Tools Needed to Cut Granite

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Granite is an igneous rock (solidified from a fluid state) with a crystalline textured. It is usually comprised of quartz and microcline. Because of its hard surface, special tools are required for cutting into, drilling through or shaping granite. To cut granite in any way, you will need a masonry diamond blade. Masonry diamond blades range from 4 inches to 24 inches. Diamond blades are used for wet and dry cuts.


As long as a diamond blade is used, you can use a table, tile or handheld saw to cut granite. Depending on the job, use these saws wet or dry. Use a table or tile saw to cut through small, flat pieces of granite such as granite tiles. Use a handheld saw for larger pieces such as counter slabs and sculptures.


You can rent both the saw and the blade from hardware stores that have a tool rental service.

Bit vs. Blade

  • To slice through granite you will use a diamond blade. To drill through granite you will need a diamond bit. Use a diamond bit to drive holes through granite countertops for installation applications for faucets.

Wet cutting vs. Dry Cutting

  • Using a wet saw with a wet diamond blade reduces the risk of chipping or breaking the granite. Wet cutting also reduces heat and makes cutting through granite easier. You typically use wet cutting blades for walk behind saws such as a tile saw. These saws have a tub under the blade where water is stored so it can be continuously sprade onto the blade. When using this saw, water will seep out onto the ground and spray a mist around the saw, so it should be used outside. Use a wet blade for deep cuts that go through granite.

    Dry cutting reduces the mess of wet saws but produces more dust. If you are cutting granite indoors, a dry cut is your best option because a wet saw produces large amounts of water. Dry cutting blades have segmented welds which resist heat and do not require water for cooling. Use a dry cutting blade when using a handheld saw with low horsepower to contour or shape granite.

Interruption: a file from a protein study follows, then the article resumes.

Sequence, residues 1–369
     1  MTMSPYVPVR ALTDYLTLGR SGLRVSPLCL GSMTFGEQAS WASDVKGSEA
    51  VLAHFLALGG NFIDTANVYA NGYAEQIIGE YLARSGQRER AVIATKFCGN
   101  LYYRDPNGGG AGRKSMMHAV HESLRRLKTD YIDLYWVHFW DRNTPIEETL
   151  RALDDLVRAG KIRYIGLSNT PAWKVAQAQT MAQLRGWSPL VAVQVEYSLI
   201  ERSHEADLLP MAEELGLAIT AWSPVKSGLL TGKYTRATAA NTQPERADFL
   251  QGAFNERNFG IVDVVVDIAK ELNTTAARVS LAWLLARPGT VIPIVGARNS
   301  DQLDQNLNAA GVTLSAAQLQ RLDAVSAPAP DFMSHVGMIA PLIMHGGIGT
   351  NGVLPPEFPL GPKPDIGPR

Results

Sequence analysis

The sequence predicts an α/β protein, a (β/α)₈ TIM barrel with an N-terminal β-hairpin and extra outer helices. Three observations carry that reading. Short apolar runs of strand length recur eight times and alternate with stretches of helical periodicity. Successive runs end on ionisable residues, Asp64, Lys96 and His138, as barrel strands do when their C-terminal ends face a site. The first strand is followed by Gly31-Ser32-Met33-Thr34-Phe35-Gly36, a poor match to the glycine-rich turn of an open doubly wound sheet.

Types of Blades

  • Standard Masonry Blades -- For cutting straight though granite slabs and tiles.
    Laser Welded Segmented Blades -- For general purpose cutting.

    Contour Blades -- For curved cutting applications.

    Rod Blades -- For cutting grooves into granite. Used for sink applications.

    Diamond Drill Bits -- For milling through granite.

    Profile wheels -- For shaping and polishing the edges of granite.

    Grinding Cup Wheels -- For smooth shaping and finishing granite.

    Most diamond blades and diamond bits are manufactured for wet or dry applications or both.

    Saw Manufaturers Institute (SMI) has developed a common blade application code for use on diamond blades of 12" diameter or larger. Use of the code by blade manufacturers and distributors is strictly voluntary.

Warning

  • According to the Association of Equipment Manufacturers, you may use many dry blades as wet blades. However, never use a wet blade as a dry blade.

Safety

  • You may download a free version of the Diamond Blades Safety Manual from the Association of Equipment Manufacturers. This pamphlet covers general safety information such as blade wear and condition analysis, mounting, and machine safety.

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